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If it's P0401 then you have a low-flow only code. More often than not that requires cleaning the throttle body and upper intake EGR passages. They're plugged with carbon usually, and on an 11 year old Taurus that's likely the problem. If you've never replaced intake gaskets and PCV hoses, it's a good idea to knock it out all at once. The gaskets and hoses aren't expensive, but the labor to keep pulling things apart and fixing individual problems is.
 

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The P0401 is usually the Pressure Feedback sensor (DPFE). For the misfire, I'd check the ignition coil for cracks or pull the wires off one by one while the engine is running to check for sparks (usually done at night)... If not, you could have a bad plug or bad wires, which is possible. After 12K miles on brand new wires, I developed in idle-only misfire and finally determined it was the wires. Changed them and the car runs very smoothly.

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Yes, you have identified them correctly. If you replace the dpfe sensor and coil, i would recommend you buy the borg-warner(bwd) units from adv. auto or oreilly. Ive had numerous probs. with az sensors and coils in the past.
 

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I would correct the misfire pretty quickly because with a flashing lt. misfire you are prob. dumping unburned fuel down into the cats which can destroy them.
 

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Discussion Starter · #11 ·
The P0401 is usually the Pressure Feedback sensor (DPFE). For the misfire, I'd check the ignition coil for cracks or pull the wires off one by one while the engine is running to check for sparks (usually done at night)... If not, you could have a bad plug or bad wires, which is possible. After 12K miles on brand new wires, I developed in idle-only misfire and finally determined it was the wires. Changed them and the car runs very smoothly.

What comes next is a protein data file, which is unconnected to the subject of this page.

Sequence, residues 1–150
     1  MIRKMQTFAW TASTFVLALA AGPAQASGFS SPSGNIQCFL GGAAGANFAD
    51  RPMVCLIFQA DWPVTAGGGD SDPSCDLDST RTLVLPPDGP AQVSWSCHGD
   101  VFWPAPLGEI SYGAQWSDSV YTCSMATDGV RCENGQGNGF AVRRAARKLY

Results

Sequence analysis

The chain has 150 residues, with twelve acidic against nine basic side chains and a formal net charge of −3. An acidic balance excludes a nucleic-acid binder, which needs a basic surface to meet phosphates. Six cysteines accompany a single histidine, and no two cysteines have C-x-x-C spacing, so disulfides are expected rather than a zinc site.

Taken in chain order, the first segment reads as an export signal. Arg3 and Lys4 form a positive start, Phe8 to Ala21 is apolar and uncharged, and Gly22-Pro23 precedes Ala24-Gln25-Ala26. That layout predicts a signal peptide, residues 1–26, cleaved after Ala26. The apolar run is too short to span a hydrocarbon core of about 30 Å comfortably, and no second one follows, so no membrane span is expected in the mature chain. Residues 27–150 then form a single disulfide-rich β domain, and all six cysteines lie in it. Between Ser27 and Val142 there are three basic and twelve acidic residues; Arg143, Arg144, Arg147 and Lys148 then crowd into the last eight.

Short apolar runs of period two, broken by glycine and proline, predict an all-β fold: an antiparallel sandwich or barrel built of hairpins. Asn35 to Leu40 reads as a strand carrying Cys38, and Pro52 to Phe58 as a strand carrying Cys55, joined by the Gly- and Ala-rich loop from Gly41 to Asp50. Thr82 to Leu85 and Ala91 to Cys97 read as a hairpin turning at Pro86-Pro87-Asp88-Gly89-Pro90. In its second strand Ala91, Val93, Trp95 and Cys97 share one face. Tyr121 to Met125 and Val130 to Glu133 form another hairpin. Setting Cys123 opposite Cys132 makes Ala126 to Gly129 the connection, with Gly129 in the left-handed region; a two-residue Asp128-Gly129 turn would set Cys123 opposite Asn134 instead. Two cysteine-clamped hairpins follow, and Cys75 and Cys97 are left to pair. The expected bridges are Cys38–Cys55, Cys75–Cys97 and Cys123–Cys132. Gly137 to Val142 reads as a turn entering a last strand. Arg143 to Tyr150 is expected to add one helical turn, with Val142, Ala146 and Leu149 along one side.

I'll give this a try tonight after work. When you say pull the wire off do you mean from the coil or off the the individual plugs? This may sound stupid, but I want to see sparks right?
 

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I'll give this a try tonight after work. When you say pull the wire off do you mean from the coil or off the the individual plugs? This may sound stupid, but I want to see sparks right?
No, that was bad advice to be blunt. Yanking a plug wire off with the car running won't do anything except verify that getting shocked hurts. If you want to check spark, buy a spark tester that connects between the plug boot and plug. There are gap and lighted spark testers. Or buy a noid light to verify signal to the injector. Or just remove the #1 plug and examine it for flooding. Or swap plugs and wires and see if the miss follows the #1 plug/wire.

The car has already told you there's a #1 misfire by way of its power balance test. You're just trying to determine now if it's spark or fuel.
 

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Discussion Starter · #13 ·
No, that was bad advice to be blunt. Yanking a plug wire off with the car running won't do anything except verify that getting shocked hurts. If you want to check spark, buy a spark tester that connects between the plug boot and plug. There are gap and lighted spark testers. Or buy a noid light to verify signal to the injector. Or just remove the #1 plug and examine it for flooding. Or swap plugs and wires and see if the miss follows the #1 plug/wire.

The car has already told you there's a #1 misfire by way of its power balance test. You're just trying to determine now if it's spark or fuel.

Cool. I bought a spark tester and gonna start this weekend. Hopefully it's a easy fix. I'm going to assume if the spark is good then it may be the injectors